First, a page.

Friday, December 08, 2006

December From A Jewish Perspective

My writing routine doesn't change in December because Chanukah is not a holiday when I feel the need to be at the synagogue or with family each day. This month, life goes on as usual - kids' activities, taking care of the house, working on interfaith efforts and getting my writing in.

Some think Chanukah is just as important to Jews as Christmas is to Christians. Actually, Rosh Hashanah, Yom Kippur and Shabbat, the Jewish Sabbath are the most holy for us. I put my writing on hold during Rosh Hashanah, Yom Kippur, Sukkoth and Passover because there is so much to prepare and do.

Jews celebrate Chanukah to remember our freedom from people who wished to destroy us. Chanukah falls on the 25th day of the Hebrew month of Kislev. Because Jews follow a lunar calendar in determining the holidays, Chanukah will always fall on the 25th day of Kislev but it will not be the exact same day every year on the secular calendar. Therefore, some years, Chanukah may fall closer to Thanksgiving. Other times, it's at the beginning of December, or like this year, ending close to Christmas Eve.

Because of the Christmas hype at shopping malls, we feel pressure to buy presents, especially when Chanukah and Christmas fall within days of each other. However, the traditional Chanukah gift is money. In our family, we try to play down the gift-giving. We focus on lighting candles, letting our children pick the candle colors and lighting their own Chanukah menorah. We start with one candle the first night, two the second night and so on until all 8 candles are lit by the eighth night. Playing dreidal (a spinning top with Hebrew letters) is fun. Frying up latkes, potato pancakes and eating them with sour cream and applesauce is a treat.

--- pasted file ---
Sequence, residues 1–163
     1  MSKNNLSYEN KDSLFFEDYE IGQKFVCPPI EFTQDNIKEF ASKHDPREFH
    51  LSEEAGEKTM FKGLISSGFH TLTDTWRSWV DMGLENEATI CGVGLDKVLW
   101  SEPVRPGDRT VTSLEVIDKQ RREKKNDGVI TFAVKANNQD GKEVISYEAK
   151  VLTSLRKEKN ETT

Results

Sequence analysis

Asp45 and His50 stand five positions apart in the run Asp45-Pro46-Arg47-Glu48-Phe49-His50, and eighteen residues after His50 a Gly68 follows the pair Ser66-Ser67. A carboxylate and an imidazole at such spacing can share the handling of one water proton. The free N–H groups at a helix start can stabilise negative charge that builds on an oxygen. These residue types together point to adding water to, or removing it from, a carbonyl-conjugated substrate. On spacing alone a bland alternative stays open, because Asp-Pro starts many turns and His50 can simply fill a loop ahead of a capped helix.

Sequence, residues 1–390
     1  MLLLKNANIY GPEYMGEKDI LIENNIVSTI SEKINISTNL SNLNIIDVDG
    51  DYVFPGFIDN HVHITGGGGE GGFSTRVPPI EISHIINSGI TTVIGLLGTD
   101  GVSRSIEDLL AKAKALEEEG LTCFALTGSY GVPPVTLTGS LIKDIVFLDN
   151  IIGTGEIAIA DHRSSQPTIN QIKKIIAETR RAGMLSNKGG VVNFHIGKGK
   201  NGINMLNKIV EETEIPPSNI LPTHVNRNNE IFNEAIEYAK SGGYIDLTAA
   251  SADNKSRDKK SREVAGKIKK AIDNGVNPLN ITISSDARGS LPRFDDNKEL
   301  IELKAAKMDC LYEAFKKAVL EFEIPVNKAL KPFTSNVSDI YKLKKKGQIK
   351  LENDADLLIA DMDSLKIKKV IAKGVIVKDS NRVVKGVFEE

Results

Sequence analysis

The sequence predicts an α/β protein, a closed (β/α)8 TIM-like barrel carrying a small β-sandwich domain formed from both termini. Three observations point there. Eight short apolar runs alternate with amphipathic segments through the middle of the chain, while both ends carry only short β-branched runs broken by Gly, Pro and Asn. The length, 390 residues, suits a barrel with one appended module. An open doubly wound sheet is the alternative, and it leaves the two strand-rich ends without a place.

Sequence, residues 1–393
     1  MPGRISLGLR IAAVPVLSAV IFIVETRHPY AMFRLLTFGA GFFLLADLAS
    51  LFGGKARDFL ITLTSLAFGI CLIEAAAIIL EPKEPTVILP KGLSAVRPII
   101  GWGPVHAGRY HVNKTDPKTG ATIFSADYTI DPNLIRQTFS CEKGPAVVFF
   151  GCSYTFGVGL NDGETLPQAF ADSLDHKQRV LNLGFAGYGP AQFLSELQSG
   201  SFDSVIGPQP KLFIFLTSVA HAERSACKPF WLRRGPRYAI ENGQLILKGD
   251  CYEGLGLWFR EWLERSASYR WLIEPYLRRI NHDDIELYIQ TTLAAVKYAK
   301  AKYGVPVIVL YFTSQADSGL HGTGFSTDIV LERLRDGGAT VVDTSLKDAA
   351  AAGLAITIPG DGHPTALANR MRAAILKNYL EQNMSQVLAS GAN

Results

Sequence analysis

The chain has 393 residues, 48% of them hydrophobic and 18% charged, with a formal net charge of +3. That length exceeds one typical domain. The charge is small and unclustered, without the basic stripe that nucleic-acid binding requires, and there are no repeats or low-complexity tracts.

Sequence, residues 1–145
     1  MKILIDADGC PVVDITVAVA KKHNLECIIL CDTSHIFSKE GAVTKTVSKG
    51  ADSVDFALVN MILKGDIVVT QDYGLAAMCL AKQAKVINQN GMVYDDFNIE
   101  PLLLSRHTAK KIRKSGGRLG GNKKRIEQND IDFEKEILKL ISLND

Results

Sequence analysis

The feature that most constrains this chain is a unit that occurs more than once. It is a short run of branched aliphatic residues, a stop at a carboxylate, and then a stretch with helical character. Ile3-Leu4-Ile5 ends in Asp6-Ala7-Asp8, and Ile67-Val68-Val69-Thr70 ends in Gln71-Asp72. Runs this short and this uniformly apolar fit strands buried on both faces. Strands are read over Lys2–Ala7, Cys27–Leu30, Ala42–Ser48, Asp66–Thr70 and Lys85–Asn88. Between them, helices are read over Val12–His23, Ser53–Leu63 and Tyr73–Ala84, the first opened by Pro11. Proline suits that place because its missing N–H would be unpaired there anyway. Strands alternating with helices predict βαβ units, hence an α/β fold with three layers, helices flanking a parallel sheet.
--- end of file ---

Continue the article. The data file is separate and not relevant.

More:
While many around us are celebrating Christmas, what do we do on Christmas itself? My husband usually covers for the other doctors in his practice. He will make rounds at the hospital and be on call for emergencies. (His partners cover for him when it's a Jewish holiday.) As a family, we might go to the movies. Some years we have delivered cookies to firefighters who have to work on Christmas or we have delivered for Meals on Wheels.

Some of the best things I like about Christmas: the stores are closed, there is not much traffic, it is a time when everyone can just relax even if we're not celebrating the holiday. These aspects remind me of the Jewish Sabbath. Shabbat was meant to be one day of rest every week. When we don't drive around, we give the environment a Sabbath. When we don't shop, we concentrate more on our spirituality and family. When we don't work, we can be stress free and reflect on what's important in our lives. When our whole country is taking a day off for Christmas, it feels like what the Sabbath was meant to be every week.

- Sheila Sonnenschein


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